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Failed efforts do not overshadow field’s progress, resolve.
The recent news of Biogen and Ionis Pharmaceuticals ending a clinical trial for their amyotrophic lateral sclerosis drug candidate and Roche’s failed Phase III study in Huntington’s disease (HD) are hard to bear for many families holding on to hope in the face of devastating diseases with limited options. Their drug development journeys underscore the highly challenging nature of tackling rare diseases. As a geneticist, I’ve seen firsthand the difficulties these patients endure. But even in the face of what might seem like failure, there is great progress. New thinking, research, and discoveries are only made possible by those who bravely forge new paths to gain a better understanding of the human body, even when that risk entails failure. Success will come.
The silver lining? Our strategy is sound. There is no doubt that genetic medicines work at addressing root causality in monogenic rare diseases like HD.
Back in the mid-1980s, a group of scientists came together at Alta Ski Resort to investigate whether it was possible to detect increased mutations in the survivors of the Hiroshima and Nagasaki bombings. The conclusion was that current methods were insufficient, yet the meeting spurred an energized response around genetic sequencing that resulted in the federal government funding the multibillion-dollar, multinational, and multiyear project to sequence all six billion letters of the diploid human genome, which resulted in the publication of the draft sequence of the human genome in 2001, years earlier than expected.
In less than four decades since, we have unraveled the blueprint of human life, cataloged the vast majority of mutations in the genetic code, implemented global infrastructure to provide rapid and inexpensive genetic testing to patients and physicians, and have a first wave of genetic medicines saving human lives. This is breathtaking progress.
However, there is still much work to do, with numerous challenges centered on improving the delivery, selectivity, and tolerability of these genetic medicines. We know the medicines work; it is just a matter of getting the therapy to the tissue where the disease manifests, dialing in the selectivity for the gene of interest, and engineering out toxicities.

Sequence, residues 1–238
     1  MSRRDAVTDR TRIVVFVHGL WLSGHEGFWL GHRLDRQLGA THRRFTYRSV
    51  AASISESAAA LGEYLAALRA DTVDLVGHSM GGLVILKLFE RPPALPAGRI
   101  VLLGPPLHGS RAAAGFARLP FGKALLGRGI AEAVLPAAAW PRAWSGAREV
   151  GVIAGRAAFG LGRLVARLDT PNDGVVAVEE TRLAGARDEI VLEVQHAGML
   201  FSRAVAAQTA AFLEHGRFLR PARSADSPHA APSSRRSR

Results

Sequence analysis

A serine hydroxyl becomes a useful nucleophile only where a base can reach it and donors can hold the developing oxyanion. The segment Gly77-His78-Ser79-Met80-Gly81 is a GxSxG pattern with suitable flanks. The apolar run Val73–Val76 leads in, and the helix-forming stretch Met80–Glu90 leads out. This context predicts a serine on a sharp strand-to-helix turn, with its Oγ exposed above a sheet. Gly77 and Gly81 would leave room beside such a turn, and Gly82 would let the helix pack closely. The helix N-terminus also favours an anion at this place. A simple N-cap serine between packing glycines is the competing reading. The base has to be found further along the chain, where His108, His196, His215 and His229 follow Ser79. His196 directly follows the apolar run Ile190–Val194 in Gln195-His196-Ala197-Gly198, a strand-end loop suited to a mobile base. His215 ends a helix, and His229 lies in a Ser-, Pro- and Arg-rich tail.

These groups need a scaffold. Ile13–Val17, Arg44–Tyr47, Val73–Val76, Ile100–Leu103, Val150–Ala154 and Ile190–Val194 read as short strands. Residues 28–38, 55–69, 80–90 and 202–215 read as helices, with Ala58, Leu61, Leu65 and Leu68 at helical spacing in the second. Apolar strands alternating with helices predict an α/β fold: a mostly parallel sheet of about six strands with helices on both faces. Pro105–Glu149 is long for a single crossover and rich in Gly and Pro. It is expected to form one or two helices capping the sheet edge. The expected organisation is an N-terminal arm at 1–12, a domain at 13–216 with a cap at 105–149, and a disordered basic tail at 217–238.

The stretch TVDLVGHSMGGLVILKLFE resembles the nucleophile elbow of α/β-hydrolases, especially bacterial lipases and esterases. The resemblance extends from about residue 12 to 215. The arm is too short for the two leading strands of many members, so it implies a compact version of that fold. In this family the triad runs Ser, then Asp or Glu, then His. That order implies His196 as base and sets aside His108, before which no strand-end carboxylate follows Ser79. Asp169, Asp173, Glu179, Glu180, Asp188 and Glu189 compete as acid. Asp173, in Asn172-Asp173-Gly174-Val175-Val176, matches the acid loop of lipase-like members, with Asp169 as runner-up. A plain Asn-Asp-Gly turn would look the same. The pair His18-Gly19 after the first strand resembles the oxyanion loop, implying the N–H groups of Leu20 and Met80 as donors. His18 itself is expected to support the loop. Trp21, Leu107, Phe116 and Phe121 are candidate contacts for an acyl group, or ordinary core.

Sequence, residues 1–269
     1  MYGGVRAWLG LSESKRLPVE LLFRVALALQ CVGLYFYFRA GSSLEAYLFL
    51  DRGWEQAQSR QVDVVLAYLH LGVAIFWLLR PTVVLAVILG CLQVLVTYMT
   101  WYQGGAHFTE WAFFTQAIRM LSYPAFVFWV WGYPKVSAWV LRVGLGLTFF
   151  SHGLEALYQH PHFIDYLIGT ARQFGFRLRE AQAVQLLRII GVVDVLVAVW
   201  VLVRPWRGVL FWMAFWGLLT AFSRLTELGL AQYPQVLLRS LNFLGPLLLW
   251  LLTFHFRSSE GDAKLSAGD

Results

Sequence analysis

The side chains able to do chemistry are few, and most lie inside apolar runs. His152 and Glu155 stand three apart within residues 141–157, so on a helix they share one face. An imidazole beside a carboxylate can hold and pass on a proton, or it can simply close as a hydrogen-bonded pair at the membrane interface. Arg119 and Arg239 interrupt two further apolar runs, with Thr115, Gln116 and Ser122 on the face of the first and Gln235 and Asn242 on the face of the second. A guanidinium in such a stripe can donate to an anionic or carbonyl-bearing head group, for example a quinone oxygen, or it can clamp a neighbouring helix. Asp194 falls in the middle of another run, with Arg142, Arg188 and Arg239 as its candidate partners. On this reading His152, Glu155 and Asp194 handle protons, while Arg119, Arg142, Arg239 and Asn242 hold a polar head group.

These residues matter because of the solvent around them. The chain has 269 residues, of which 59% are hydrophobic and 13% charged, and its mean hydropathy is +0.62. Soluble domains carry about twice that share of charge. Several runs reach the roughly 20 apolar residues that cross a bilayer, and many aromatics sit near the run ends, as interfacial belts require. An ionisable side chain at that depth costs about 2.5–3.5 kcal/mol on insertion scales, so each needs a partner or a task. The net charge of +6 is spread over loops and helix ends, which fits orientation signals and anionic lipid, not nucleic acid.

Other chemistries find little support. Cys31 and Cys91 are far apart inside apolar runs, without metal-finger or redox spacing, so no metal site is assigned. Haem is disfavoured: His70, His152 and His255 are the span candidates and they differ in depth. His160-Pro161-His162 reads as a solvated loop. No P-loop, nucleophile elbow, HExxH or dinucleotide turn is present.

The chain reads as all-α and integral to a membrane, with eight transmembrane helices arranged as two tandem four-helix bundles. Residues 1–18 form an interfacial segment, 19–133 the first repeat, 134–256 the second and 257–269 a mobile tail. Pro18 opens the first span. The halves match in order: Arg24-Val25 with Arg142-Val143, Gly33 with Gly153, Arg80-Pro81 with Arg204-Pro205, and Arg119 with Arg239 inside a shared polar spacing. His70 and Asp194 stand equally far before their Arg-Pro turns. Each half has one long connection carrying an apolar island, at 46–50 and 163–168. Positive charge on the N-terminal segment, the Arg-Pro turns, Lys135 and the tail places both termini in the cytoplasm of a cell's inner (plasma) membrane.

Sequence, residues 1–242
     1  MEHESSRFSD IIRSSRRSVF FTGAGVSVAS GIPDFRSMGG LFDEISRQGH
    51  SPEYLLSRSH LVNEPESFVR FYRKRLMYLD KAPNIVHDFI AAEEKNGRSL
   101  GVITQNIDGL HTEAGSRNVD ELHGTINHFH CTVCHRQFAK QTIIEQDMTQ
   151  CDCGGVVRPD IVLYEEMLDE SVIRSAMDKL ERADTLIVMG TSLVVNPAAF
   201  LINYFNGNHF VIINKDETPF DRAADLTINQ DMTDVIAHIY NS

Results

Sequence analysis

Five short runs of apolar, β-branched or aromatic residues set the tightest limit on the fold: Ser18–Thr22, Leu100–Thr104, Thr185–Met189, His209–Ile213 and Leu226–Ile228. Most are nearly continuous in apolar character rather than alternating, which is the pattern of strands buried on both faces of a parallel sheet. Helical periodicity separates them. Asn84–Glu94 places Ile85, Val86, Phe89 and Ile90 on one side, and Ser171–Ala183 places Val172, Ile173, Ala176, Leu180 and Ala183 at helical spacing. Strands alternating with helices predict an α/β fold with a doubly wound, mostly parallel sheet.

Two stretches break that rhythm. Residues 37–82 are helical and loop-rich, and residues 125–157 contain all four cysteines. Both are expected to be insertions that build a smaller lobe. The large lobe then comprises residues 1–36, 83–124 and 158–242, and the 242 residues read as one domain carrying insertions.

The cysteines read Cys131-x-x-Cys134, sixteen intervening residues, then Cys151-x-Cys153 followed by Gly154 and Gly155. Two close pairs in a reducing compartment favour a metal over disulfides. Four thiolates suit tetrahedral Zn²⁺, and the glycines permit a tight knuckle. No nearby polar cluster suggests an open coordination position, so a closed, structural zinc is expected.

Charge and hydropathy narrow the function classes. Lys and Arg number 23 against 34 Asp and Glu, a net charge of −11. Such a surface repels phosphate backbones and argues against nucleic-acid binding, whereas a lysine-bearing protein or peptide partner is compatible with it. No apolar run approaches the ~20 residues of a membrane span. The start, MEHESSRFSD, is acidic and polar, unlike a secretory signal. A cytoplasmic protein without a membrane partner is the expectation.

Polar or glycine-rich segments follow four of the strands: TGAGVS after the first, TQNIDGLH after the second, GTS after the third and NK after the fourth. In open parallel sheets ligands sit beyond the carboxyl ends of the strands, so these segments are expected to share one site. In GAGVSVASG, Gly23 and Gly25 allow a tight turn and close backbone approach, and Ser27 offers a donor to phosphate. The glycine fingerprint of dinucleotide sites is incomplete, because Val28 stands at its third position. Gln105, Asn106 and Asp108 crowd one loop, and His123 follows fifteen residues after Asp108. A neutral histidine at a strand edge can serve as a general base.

With HD, patients receive an injection into the spinal cord, but in order for enough of a relatively large genetic medicine to penetrate into the deep brain structures to be effective, the high concentrations of the drug injected at the surface of the brain may result in neurotoxicity.
Rapid advancements in the areas of delivery, selectivity, and tolerability are happening. For delivery, innovations are allowing us to deliver genetic medicines across the blood-brain barrier to allow uniform exposures across all brain regions and not setting up toxic gradients—which has been difficult for large molecules. This method avoids the brain surface toxicity. Since HD is a disease that involves the whole body, delivering a solution systemically via the bloodstream may address the whole-body manifestations of the disease. These new delivery devices are also noninvasive, using either ultrasound or emerging tech, and allow effective administration in a previously impossible manner.
For selectivity, emerging technologies can identify and engage with only the targeted mutated gene. We’ve essentially reverse engineered nature so that the genetic-medicine-to-gene-target interface won’t tolerate any mismatches. The treatment is viewed by the body as a complementary sequence to the mutant gene, yet one that contains a biologically inert chemistry that ensures no off-target engagement. The end result will be clean, highly effective, and well-tolerated medicines.
Because many of these therapies are delivered systemically, they can trigger an immune reaction that renders the medicine intolerable, yet even on this front, we are seeing advancements. By using the body’s own intelligent design, scientists have copied the existing framework and then improved upon it using synthetic strategies that allow for greater tolerance, thereby preventing the normally useful immune response from derailing healing.
We are in the most exciting time in the history of medicine, bar none. The science is dazzling. Patients should feel very optimistic. Cures are coming not in decades, but in a matter of years. The innovation that’s happening today will be the breakthrough therapies of tomorrow. If you are looking for a silver lining, here it is.
Dietrich Stephan, CEO, Chairman, and Founder, NeuBase Therapeutics